PARIS — “Euphoria’s got nothing on this script,” John Galliano enthused about the story he’d written for Maison Margiela’s latest Artisanal presentation. Young lovers on the lam, fleeing through the American badlands, hotly pursued by vigilantes? It could have been … well, Badlands. Or Natural Born Killers. Or Bonnie and Clyde. Galliano said his inspiration was “all the films that have had an influence on me and made me the man I am today.” You have to stir A Streetcar Named Desire and Suddenly, Last Summer into the mix to complete the picture the designer was making. Because that’s what he was actually doing in front of our eyes.
Collaborating with the British theatre company Imitating the Dog, Galliano simultaneously lensed and screened a film, Cinema Inferno, acted and lip-synced by a cast of 59 of his model “muses,” male and female. The narrative was dense: flashbacks showed the young protagonists meeting, falling in love, turned into step-siblings by the marriage of their villainous parents (that was a Euphoria moment!), murdering Mum and Dad, then fleeing, before they die in a shootout with their spectral pursuers in an old cinema, at which point they transcend this brutal world for the magical realm of the movies. Blanche Dubois arrives as a ghostly guardian angel. Suddenly Count and Hen are back in their car, driving through the badlands again, in an eternal, purgatorial loop. And all of this in a pell-mell 29 minutes.
The skeletal but evocative production recalled Lars von Trier’s Dogville. One audience member mentioned Ivo Van Hove, another director with a knack for building intense narratives around the barest theatrical bones. But storytelling has been the driver of every Galliano collection. He’s always spinning a yarn around a character, and haute couture, where clothes and personality are in closest communion, is his ideal fashion medium.
This was the first time the designer had staged a physical event in three years and it was something of a wrench because he had so fallen in love with making films for his collections during lockdown. But he managed to combine the two processes: the sweeping physicality of a grand Galliano fashion show captured in intimate detail by the constantly circling cameramen, moving in seamless choreography across a huge stage inside the Théâtre de Chaillot. “99 camera angles!” the designer marvelled.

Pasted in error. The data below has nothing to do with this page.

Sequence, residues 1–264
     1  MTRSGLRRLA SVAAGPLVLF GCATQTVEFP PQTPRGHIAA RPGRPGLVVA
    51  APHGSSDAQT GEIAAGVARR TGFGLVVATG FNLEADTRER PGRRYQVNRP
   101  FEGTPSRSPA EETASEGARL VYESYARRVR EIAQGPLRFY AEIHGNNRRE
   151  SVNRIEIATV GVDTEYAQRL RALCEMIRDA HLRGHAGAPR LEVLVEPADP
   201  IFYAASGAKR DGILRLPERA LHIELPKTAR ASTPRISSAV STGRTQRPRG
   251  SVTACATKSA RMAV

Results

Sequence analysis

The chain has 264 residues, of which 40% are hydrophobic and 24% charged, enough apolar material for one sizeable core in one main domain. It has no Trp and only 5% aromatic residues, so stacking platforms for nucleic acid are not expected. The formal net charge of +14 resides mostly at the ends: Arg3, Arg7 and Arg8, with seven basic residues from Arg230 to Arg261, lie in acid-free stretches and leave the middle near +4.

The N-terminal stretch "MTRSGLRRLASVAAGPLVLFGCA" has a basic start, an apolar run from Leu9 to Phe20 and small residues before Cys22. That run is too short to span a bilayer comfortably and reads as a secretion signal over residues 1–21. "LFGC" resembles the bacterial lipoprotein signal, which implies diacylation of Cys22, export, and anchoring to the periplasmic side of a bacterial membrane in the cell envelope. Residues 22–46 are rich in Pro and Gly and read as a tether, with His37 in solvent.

How did the challenge compare with, say, his mindblowing Dior couture show at the Opéra Garnier in 1998? “There is no comparison with the work I did then. You can’t imagine, because you’re dealing not just with a collection but also how it looks on film.” Mock-exhausted, he added, “So one a year will suit me fine.”
59 characters, 59 looks, spanning a spectrum of techniques so exhaustive Galliano said that someone is compiling them all in an encyclopaedia. Like “sandstorming.” The spectral cowboys wore dusters in jacquards minutely beaded and flocked to look like they’d just walked out of a desert storm. Or “recicla.” Here, three shoes were recycled into one Tabi-toed pump. (A striking example married Vivier, Lacroix and YSL.) Prom dresses were also three in one, creating an artfully undulating trapeze line. For the red of Anna Cleveland’s dress, Atelier Dynale duplicated Yardley’s long discontinued lipstick shade Coral, which Galliano had been obsessed with ever since he gave Faye Dunaway a lift and she proceeded to paint her lips from a cherished tube of Coral she kept in a ziplock bag in her purse. The cape that Count’s father wore to his wedding was lined in an 18th century kimono. His shoes were Tabi’s, modelled on Florsheim’s classic policeman’s shoe, but glossed with a glittering scarab finish. A parade of nurses — Valletta! Elson! Trentini! — wore hospital scrubs-cum-capebacked coats in duchesse satin. At the far end of the fabric spectrum, a fringed dress was created from strips of black bin-bag plastic, stretched and hand-rolled.